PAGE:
It’s no secret that our furry friends like to snooze. Your healthy adult dog should spend 12 to 14 hours every day sleeping, and puppies and senior dogs will take longer naps. You’ve probably noticed your dog sleeping in all sorts of positions, including laying on their back – but why do dogs lay on their back?
It’s not uncommon to see a dog lying on its back. Your pooch will do this for a number of reasons, but as a diligent owner, you may wonder if it is normal or safe for them to do so. Ready to find out more about why dogs lay on their back? Read on with us today to learn more.
Why Do Dogs Lay On Their Back?
There are several reasons why your dog might lay on their back. The most common reasons are comfort, cooling off, and showing or receiving affection.
Experts suggest that dogs feel safe and secure when they expose their most vulnerable body parts, such as their underbelly. However, context is important – dogs will also expose their vulnerable side as an appeasing gesture to other dogs. But, if your pup often sleeps on their back, paws up, they are comfortable and trusting in your presence. Dogs who lay on their back don’t have a care in the world and feel totally at peace. And, much like people, dogs have their favorite sleeping position – some may prefer to sprawl out on their back in their comfortable bed.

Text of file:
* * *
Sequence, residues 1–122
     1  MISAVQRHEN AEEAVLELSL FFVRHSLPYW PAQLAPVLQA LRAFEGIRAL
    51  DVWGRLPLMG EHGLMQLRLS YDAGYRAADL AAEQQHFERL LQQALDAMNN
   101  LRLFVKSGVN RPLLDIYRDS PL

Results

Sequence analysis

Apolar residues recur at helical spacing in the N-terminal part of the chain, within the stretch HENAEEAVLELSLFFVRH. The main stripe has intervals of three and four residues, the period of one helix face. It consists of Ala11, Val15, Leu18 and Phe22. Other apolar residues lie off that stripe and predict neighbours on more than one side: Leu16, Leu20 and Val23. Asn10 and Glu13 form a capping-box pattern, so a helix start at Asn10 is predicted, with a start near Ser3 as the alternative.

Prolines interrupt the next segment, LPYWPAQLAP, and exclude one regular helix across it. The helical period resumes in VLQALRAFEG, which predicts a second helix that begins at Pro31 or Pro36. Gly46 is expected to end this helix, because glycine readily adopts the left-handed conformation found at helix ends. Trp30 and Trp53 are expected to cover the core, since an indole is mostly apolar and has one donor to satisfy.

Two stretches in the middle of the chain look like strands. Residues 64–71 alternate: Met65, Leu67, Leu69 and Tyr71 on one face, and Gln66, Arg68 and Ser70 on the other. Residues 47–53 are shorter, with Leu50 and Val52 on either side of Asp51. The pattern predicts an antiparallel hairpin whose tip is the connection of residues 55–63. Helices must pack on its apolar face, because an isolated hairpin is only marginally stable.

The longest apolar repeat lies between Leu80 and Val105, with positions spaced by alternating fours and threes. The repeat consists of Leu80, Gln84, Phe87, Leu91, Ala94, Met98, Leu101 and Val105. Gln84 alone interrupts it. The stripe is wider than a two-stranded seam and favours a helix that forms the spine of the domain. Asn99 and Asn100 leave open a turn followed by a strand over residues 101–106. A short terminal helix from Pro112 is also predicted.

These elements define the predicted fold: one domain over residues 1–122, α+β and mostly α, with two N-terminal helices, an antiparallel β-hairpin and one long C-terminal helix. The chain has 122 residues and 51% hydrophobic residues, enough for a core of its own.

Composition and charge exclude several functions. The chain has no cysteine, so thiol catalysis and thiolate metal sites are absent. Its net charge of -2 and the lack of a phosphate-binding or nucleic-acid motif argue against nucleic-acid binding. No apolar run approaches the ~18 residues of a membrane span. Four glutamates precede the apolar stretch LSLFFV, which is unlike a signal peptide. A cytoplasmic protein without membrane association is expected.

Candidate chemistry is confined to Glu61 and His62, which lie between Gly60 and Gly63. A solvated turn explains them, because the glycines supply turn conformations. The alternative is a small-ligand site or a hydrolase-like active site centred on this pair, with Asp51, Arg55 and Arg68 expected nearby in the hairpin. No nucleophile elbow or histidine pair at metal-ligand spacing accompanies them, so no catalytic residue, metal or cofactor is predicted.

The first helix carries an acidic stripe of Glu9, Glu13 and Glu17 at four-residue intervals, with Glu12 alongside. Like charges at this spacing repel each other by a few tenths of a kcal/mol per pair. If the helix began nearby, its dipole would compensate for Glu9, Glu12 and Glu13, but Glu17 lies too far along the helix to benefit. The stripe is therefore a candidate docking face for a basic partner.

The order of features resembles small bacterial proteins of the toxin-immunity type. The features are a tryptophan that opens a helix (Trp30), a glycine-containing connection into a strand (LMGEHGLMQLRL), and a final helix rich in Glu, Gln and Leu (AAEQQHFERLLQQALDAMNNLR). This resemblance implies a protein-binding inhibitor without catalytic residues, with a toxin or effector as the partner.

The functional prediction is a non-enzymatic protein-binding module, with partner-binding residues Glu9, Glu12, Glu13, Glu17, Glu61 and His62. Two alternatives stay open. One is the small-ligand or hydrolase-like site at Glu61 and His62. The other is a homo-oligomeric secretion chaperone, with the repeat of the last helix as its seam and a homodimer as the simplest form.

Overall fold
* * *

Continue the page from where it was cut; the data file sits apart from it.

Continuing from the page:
Your dog may sleep on their back to cool off if they feel too warm. This is because your dog loses heat through their paws – their paws contain sweat glands, and the fur on their belly is often thinner than that of the rest of their coat. Exposing these surfaces to the air may help them to lose some body heat. However, you must be aware of the other signs that your dog is overheating, as this is not the only indicator. If your dog is starting to suffer from heatstroke, they may not feel comfortable or relaxed enough to lay on their back as normal.
If your dog often sleeps close to you in an upside-down position, they trust you completely. Your dog’s underbelly is vulnerable, so to expose this to you is a show of affection and assurance. If your pup is partial to belly rubs, they may snooze on their back close to you to invite this type of affection. However, be sure that you don’t disturb your dog often when they sleep – regularly waking your dog can damage their trust in you, and they may begin to feel insecure.
Other Common Dog Sleeping Positions
You’ve probably seen your pooch sleeping in various positions as a pet parent. However, you may also wonder why your pooch sprawls out the way they do or if it’s normal for your dog.
Back to Back